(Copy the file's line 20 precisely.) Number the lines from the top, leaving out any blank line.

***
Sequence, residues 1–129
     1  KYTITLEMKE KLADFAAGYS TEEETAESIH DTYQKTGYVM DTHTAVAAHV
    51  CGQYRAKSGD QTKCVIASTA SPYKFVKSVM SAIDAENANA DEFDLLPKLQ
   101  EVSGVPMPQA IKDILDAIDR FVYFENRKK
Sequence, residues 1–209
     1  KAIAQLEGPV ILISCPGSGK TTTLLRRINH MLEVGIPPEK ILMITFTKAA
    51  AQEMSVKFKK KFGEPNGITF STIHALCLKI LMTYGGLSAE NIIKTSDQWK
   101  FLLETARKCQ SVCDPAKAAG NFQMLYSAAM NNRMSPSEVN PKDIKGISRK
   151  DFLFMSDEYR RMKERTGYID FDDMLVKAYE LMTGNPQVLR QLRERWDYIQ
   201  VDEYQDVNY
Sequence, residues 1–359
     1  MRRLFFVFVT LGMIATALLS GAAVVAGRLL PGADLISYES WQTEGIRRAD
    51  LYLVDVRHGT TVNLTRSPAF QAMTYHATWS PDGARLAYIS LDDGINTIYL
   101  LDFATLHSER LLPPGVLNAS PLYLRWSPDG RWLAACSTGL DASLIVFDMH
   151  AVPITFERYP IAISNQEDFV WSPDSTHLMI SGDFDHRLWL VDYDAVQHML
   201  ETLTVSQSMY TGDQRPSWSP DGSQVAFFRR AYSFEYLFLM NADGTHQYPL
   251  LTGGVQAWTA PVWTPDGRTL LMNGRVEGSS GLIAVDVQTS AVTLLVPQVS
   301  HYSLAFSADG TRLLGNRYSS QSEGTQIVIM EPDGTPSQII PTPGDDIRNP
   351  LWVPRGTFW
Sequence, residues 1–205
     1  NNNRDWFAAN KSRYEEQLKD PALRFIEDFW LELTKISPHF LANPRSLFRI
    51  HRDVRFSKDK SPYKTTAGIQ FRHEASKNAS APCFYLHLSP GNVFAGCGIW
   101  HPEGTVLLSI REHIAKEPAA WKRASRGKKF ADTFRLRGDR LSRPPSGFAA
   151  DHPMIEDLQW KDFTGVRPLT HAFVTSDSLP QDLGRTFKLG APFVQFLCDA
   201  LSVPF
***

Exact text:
Sequence, residues 1–205